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postdoc announcement

Subject: postdoc announcement
From: Dave Mellinger <>
Date: Mon, 30 Jun 2003 09:43:18 -0700
 Exciting postdoc position available
 Our research group carries out multidisciplinary studies on the behavioural
 and physiological mechanisms of animal navigation. Recently, we have
 identified some areas in the bird brain, which are involved in processing
 navigational information. This is new and has opened a highway of new
 exciting possibilities. The postdoctoral position in our lab, therefore,
 provides ample possibilities for making ground-breaking research. 
 I seek a postdoc, who is a real specialist in neurophysiological techniques
 (single cell recordings), neoroanatomical techniques (in-situ hybridization
 and immunohistochemistry) and neuronal tracers. To be considered, you must
 have published significant work using some of these techniques, and you
 must have previous doctoral and/or postdoctoral experience from a true
 expert lab, so that you can independently take responsibility for your own
 methodological approaches. In return, I can offer a well-paid (BAT IIa)
 postdoc position for one year, extendable to at least three years based on
 the success of your work. 
 If you are interested in the position, please send an application to Dr.
 Henrik Mouritsen, Institute of Biology, Universität Oldenburg, D-26111
 Oldenburg, Germany or by email: [EMAIL PROTECTED] 
 Your application must include reprints of previous publications and at
 least three references to senior scientists knowing you well.
 Background information about our group: 
 On 1 January 2002, a Volkswagen Nachwuchsgruppe (young research group)
 focusing on the behavioral and physiological mechanisms of animal
 navigation was established at Oldenburg University, Germany. Our research
 focuses on understanding the mechanisms underlying the impressive
 navigational abilities of long-distance migrants. The long-distance
 navigational abilities of animals have fascinated humans for centuries and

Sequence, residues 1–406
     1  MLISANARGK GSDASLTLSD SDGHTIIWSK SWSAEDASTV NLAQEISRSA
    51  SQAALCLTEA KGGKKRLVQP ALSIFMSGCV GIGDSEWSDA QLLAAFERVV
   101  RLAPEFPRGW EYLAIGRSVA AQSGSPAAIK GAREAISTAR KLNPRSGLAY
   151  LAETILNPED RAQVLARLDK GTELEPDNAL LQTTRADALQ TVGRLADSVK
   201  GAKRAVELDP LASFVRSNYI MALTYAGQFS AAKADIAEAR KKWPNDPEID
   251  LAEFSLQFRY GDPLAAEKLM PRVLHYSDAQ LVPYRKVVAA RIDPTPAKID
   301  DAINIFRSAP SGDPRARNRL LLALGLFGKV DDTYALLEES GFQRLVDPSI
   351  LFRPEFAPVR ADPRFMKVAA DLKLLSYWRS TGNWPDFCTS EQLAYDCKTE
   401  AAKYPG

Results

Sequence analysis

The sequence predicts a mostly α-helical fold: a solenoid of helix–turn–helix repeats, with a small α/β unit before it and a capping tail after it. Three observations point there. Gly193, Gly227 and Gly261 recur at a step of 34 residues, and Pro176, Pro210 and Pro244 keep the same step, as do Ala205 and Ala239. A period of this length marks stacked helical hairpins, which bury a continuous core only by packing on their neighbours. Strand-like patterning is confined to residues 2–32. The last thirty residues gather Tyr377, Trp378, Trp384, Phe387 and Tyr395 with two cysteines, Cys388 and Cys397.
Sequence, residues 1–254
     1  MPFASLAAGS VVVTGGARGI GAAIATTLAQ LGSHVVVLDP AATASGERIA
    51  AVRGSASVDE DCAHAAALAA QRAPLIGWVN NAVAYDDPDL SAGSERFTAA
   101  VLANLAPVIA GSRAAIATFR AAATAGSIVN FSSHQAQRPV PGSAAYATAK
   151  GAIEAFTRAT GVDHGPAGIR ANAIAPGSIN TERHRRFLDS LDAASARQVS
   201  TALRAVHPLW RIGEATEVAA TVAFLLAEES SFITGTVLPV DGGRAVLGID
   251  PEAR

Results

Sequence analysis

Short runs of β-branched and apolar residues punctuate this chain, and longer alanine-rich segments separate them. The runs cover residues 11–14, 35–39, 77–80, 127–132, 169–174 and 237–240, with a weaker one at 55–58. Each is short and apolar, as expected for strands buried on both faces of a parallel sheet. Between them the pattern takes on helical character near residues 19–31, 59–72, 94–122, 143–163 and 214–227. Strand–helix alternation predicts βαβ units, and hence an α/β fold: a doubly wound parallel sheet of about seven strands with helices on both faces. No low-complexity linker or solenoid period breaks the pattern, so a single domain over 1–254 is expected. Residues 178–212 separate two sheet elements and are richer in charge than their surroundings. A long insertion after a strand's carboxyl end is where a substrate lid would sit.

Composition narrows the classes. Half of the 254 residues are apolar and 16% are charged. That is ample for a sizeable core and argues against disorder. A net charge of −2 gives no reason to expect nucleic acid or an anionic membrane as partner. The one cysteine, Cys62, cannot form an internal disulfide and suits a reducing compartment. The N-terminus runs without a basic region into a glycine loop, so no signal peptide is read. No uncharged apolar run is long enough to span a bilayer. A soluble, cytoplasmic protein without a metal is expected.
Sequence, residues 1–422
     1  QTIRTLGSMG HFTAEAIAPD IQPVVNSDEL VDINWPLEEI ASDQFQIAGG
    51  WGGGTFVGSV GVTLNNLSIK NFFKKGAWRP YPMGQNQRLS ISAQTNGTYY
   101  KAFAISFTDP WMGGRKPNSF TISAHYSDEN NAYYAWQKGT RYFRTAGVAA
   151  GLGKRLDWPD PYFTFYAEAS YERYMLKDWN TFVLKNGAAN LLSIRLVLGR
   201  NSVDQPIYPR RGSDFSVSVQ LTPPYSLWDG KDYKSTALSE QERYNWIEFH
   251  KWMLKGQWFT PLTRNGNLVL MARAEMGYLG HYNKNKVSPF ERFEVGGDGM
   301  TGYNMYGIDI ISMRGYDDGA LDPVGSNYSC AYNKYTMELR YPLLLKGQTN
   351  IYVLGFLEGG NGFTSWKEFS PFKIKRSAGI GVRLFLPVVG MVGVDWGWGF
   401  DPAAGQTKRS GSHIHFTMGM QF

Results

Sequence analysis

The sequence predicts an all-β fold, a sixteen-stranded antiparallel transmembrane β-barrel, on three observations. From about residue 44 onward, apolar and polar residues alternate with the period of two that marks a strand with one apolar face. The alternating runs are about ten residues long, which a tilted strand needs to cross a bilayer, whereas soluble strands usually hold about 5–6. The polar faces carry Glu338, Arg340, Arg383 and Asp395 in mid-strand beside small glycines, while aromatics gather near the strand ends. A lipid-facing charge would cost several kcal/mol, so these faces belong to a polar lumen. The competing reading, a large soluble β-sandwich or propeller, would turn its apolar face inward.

challenged scientists for decades. How is a butterfly with a brain weighing
 less than 0.02 grams able to find its way to a very specific wintering site
 thousands of kilometers away, even though it has never been there before?
 And, how does a migratory bird circumnavigate the globe with a precision
 unobtainable by human navigators before the emergence of GPS satellites? To
 answer these questions, multi-disciplinary approaches are needed. A very
 good example of such an approach on shorter distance navigation is the
 classical ongoing studies on foraging trips of Cataglyphis desert ants. My
 Nachwuchsgruppe intends to use mathematical modeling, molecular biology,
 neurobiology, computer simulations and newly developed laboratory equipment
 in combination with behavioral experiments and analyses of field data to
 achieve a better understanding of the behavioral and physiological
 mechanisms of long distance navigation in insects and birds. The group will
 be located at the University of Oldenburg, Germany and will have close
 connections/collaboration with these excellent local research groups: the
 neurobiology group of Prof. Reto Weiler, the newly established
 zoophysiology group of Prof. Georg Klump, and the ornithology group of
 Prof. Franz Bairlein at Institut für Vogelforschung in Wilhelmshaven. In
 addition, we have close collaborations with several expert groups in the
 USA, Canada, and the rest of Europe. These collaborations give our group
 access to a very wide range of superb modern equipment, techniques and
 Best wishes,
 Dr. Henrik Mouritsen, group leader

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